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Online retailer ordered to pay penalty and compensation.

Peter Lee

Big Warehouse Spare Parts is an amazing, if sometimes expensive, service for the supply of parts for all kinds of things, including hard to find items. But its business practices have landed it in hot water with Australia's Consumer and Competition Commission.

Big Warehouse Spares has paid a penalty of AUD12,600 following the issue of an infringement notice. In the way of these things, the company "allegedly" breached the Australian Consumer Law. The company has also provided a "court-enforceable undertaking" in which it "admits that it was likely to have contravened" the law.

So, that's an Aussie version of the weasel's charter popularised in the USA in which government agencies tell companies that, if they stump up money and don't admit or deny liability, they can waltz into the sunset. That makes it harder for aggrieved persons to sue you using the agreement as evidence because it has dubious value in those other proceedings. In fact, ACCC makes it clear that "The payment of a penalty specified in an infringement notice is not an admission of a contravention of the Australian Consumer Law."

What does Big Warehouse say it is "likely" to have done?

"representing to consumers that:

* spare parts were available for dispatch, when in fact they needed to be ordered from the manufacturer;
* spare parts were compatible with the model of electrical appliance purchased by the consumer, when this was not the case;
* the consumer was not entitled to a full refund or replacement where:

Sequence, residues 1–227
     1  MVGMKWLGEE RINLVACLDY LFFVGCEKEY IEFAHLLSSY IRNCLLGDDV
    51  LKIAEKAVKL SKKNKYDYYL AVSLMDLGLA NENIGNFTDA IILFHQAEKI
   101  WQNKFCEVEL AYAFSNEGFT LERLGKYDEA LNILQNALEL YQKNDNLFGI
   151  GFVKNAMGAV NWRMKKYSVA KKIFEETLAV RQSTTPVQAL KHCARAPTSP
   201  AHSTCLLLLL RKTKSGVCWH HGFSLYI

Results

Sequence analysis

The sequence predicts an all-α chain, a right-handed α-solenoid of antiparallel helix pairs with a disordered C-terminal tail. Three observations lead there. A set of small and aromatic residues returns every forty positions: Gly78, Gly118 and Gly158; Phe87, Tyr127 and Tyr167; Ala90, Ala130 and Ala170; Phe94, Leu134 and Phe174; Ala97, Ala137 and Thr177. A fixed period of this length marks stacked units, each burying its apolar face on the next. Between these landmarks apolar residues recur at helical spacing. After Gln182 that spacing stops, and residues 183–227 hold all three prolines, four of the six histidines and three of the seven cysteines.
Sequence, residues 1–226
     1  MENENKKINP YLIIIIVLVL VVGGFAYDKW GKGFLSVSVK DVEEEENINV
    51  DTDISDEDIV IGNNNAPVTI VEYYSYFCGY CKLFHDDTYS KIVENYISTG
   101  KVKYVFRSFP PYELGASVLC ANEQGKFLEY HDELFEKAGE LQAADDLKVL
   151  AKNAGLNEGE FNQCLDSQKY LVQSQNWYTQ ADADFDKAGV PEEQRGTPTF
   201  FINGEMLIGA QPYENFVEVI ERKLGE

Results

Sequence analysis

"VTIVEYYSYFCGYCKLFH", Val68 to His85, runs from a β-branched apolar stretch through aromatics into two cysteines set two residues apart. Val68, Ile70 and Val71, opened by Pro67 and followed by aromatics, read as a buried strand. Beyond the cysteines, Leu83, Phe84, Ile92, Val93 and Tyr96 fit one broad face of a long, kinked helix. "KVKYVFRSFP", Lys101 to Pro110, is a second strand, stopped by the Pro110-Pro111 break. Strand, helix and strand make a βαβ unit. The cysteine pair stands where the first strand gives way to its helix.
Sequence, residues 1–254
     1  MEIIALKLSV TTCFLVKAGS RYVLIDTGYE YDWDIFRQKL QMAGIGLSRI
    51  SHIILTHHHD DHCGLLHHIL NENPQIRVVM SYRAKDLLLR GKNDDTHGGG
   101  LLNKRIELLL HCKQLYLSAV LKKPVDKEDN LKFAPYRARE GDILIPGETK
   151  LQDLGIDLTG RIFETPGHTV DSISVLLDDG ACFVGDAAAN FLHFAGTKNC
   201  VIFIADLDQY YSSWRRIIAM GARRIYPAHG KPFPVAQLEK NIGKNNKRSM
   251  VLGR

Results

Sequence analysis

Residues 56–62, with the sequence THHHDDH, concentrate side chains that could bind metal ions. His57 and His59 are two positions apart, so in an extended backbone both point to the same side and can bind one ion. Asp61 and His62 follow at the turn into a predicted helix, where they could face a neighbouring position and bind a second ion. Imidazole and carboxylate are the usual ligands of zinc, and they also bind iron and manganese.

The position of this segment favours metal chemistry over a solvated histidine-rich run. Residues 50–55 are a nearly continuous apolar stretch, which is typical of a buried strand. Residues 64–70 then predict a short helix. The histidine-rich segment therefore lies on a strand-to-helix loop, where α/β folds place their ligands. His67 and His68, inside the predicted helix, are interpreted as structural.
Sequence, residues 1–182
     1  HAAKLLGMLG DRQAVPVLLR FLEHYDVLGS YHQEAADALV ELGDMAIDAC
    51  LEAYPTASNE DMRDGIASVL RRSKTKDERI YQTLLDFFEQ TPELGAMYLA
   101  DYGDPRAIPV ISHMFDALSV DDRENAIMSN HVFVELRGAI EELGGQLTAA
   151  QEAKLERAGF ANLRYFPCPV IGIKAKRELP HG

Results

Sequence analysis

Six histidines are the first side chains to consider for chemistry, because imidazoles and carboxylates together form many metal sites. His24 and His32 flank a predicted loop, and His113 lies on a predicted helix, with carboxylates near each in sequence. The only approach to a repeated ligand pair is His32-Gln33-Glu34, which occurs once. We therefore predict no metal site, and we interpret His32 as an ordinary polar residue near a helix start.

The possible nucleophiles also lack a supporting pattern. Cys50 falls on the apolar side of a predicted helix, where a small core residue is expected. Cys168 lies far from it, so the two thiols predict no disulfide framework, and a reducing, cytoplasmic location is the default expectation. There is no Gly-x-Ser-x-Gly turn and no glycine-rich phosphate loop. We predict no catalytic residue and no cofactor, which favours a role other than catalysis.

* a spare part ordered was not supplied within a reasonable time after payment was made;
* a spare part was not compatible with the electrical appliance set out in the consumer’s order; or
* a spare part was damaged during delivery and the consumer had not purchased insurance from Big Warehouse. "

ACCC Commissioner Sarah Court said, in a statement, "Big Warehouse has admitted that when consumers requested a full refund or replacement, they were either denied one, only given a partial refund, or offered a store credit instead”

“According to some complaints, consumers were incorrectly charged for a replacement part in circumstances where they shouldn’t have been. Such charges included a 30 per cent restocking fee to purchase the correct part.”

“If a consumer buys a spare part and is provided the incorrect part or it is damaged on arrival, they are entitled under the Australian Consumer Law to choose a full refund or replacement."

In this image taken today from the website, the item is expressed to be "in stock at supplier" but it takes an extra click on "what does this mean" to call up a notice saying that "This means the part is readily available from the manufacturer. " A website banner says "We guarantee in-stock orders will be dispatched same day. " So, that's clear. Not.

The website says that the company has had more than 77,000 reviews. Then it says there are more than 30,000 "positive" reviews.

How expensive can Big Warehouse prove to be?

A stainless steel mixing bowl for a vintage Kenwood Chef for which they charge AUD224.40 (GBP126.747 according to XE.com today) costs GBP34.99 from Kenwood Chef Restore in the UK.

Further reading:

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